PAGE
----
Mary Clarke completed Depaul’s 10,000 Steps a Day Challenge last year while raising €1,800 for people who are homeless in our services. Read on to find out about the secret to her fundraising success.

I first became interested in homelessness when I lived in New York in the 1980’s. There were so many people living on the streets in Manhattan and I would always stop and chat to them on my way to and from work. I organised a clothes drive for the homeless in New York at one point with a group of friends. We put up posters in our workplaces asking for donations and it was a great fundraiser.

Last year I saw an ad on Facebook for a challenge in support of people who are homeless and that’s how I got involved with Depaul. I figured that it might be something that I could do as I had fundraised before for various causes and I wanted to get involved in supporting homeless people again.

I really enjoyed taking part in the challenge, everyone in the Facebook group was so friendly and supportive. I calculated how many miles I had to do to reach 10,000 steps every day and then used google maps to create walks to meet that goal. I incorporated my walks into my walk to and from work and sometimes I walked at lunchtime and in the evenings. I am lucky enough to live near the River Dodder in Dublin and did some fantastic walks along its banks.

I shared selfies and photos of numbers of steps reached on my Fitbit, or even of things I had seen on my walks because I wanted everyone who had donated to know that I was actually actively doing the challenge. I never actually asked anyone to donate but just shared all these pictures in my Facebook Fundraiser.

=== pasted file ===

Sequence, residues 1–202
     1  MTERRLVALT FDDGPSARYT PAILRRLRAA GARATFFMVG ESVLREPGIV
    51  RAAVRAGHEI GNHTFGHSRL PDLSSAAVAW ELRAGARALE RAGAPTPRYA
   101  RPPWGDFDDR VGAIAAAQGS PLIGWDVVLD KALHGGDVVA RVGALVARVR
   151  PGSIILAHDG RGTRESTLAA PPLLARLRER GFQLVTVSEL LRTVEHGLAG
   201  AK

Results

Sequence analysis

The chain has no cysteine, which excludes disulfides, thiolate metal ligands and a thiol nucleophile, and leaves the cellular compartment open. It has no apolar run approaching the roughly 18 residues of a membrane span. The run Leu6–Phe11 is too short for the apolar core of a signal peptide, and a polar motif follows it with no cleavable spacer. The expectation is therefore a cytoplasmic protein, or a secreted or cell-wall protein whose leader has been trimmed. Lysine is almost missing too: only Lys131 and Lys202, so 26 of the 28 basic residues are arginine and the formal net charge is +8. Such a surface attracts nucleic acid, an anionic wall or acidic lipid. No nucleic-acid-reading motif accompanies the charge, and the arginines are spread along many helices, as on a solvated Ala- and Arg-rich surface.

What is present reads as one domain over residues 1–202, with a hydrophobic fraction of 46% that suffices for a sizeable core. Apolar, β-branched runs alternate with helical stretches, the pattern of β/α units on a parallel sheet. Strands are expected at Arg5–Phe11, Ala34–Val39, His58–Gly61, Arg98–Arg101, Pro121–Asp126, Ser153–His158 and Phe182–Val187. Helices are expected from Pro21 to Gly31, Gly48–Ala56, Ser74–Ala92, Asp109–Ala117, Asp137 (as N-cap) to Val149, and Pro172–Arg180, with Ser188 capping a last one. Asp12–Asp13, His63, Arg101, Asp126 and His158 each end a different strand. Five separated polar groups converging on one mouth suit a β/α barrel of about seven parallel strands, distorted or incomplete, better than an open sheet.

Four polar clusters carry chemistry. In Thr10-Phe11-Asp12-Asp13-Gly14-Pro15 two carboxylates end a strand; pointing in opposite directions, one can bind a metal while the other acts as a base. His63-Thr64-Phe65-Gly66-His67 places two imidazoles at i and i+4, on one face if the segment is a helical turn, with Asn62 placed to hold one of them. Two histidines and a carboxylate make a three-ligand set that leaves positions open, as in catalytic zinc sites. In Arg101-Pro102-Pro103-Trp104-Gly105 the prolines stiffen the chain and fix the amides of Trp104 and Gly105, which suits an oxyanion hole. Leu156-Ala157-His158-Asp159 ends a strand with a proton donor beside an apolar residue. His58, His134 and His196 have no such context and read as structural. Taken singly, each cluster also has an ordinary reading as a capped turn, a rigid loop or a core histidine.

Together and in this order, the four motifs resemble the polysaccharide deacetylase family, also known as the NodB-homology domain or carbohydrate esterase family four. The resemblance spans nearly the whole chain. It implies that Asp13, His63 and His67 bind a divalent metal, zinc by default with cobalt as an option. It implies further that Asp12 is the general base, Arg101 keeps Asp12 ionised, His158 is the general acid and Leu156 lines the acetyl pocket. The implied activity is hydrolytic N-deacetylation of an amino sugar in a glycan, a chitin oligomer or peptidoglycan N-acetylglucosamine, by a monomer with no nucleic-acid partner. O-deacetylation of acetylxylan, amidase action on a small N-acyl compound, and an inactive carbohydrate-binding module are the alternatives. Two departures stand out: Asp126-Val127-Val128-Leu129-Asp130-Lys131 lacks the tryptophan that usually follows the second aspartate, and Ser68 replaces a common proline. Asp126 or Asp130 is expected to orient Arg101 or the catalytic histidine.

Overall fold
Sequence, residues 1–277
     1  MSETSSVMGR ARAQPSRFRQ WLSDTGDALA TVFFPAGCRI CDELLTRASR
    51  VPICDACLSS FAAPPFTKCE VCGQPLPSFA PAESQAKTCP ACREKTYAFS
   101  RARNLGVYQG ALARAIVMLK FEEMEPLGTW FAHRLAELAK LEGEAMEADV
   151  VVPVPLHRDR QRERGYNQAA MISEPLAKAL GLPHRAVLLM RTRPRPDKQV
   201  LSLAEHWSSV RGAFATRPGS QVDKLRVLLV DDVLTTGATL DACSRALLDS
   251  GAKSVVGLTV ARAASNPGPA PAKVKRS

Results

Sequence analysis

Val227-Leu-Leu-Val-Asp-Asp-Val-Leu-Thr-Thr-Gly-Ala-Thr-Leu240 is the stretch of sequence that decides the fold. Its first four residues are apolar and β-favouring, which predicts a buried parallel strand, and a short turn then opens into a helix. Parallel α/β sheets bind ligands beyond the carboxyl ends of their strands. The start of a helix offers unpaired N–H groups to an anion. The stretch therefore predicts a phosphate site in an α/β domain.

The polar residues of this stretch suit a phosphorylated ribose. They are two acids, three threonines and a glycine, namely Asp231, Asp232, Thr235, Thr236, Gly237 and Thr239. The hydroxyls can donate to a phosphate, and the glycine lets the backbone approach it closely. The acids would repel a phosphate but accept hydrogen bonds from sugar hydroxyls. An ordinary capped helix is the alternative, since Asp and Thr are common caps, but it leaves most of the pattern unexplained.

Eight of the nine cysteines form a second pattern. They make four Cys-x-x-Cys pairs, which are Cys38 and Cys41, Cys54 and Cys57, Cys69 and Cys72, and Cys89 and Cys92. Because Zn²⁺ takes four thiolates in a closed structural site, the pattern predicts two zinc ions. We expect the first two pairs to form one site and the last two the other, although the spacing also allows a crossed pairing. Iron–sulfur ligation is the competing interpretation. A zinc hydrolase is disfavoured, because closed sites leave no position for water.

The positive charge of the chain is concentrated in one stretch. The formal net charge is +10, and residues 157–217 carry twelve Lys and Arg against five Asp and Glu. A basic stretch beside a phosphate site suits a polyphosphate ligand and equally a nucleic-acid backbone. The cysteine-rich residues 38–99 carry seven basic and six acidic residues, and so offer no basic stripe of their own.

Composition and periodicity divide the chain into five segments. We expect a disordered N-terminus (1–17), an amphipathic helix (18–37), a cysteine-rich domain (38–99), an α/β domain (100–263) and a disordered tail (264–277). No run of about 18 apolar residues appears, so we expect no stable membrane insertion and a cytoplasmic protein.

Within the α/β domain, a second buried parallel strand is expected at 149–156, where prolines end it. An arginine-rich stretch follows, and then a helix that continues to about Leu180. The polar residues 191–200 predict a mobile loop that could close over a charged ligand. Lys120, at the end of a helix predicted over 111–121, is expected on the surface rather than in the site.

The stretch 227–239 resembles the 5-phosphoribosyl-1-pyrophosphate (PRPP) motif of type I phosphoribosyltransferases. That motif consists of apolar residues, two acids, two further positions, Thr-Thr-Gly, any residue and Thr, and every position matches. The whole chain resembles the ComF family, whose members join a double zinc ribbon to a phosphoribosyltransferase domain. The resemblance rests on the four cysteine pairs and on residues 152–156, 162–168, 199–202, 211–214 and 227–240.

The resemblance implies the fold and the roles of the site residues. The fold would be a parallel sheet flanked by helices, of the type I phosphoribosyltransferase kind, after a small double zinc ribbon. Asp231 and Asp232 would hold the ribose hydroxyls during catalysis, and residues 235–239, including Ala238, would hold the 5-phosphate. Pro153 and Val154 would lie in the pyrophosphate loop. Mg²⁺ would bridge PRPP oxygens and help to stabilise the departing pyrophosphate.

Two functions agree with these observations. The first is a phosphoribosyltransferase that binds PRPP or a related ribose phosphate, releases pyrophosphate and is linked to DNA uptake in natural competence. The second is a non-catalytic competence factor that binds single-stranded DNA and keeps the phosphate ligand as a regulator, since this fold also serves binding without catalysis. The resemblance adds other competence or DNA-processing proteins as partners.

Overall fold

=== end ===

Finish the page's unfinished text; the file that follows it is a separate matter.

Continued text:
I had hoped to raise €200 but people were so incredibly generous that I kept raising my fundraising target. People that I had known over thirty years ago in New York donated very generous amounts as did people that I have known from every part of my life. Not everyone was in a position to donate but their supportive comments really kept me going through my walks.

My main advice to anyone who is thinking about taking on a fundraising challenge is to let everyone know that you are doing it and that you would welcome all support. It’s not a competition, the only person you’re competing with is yourself. Some days will be a lot harder than others so be gentle with yourself don’t beat yourself up if you don’t reach your daily goal.

I would totally recommend doing a fundraising challenge to anyone, it helps people who are homeless, it’s good for your mental health and it’s so good to get outside!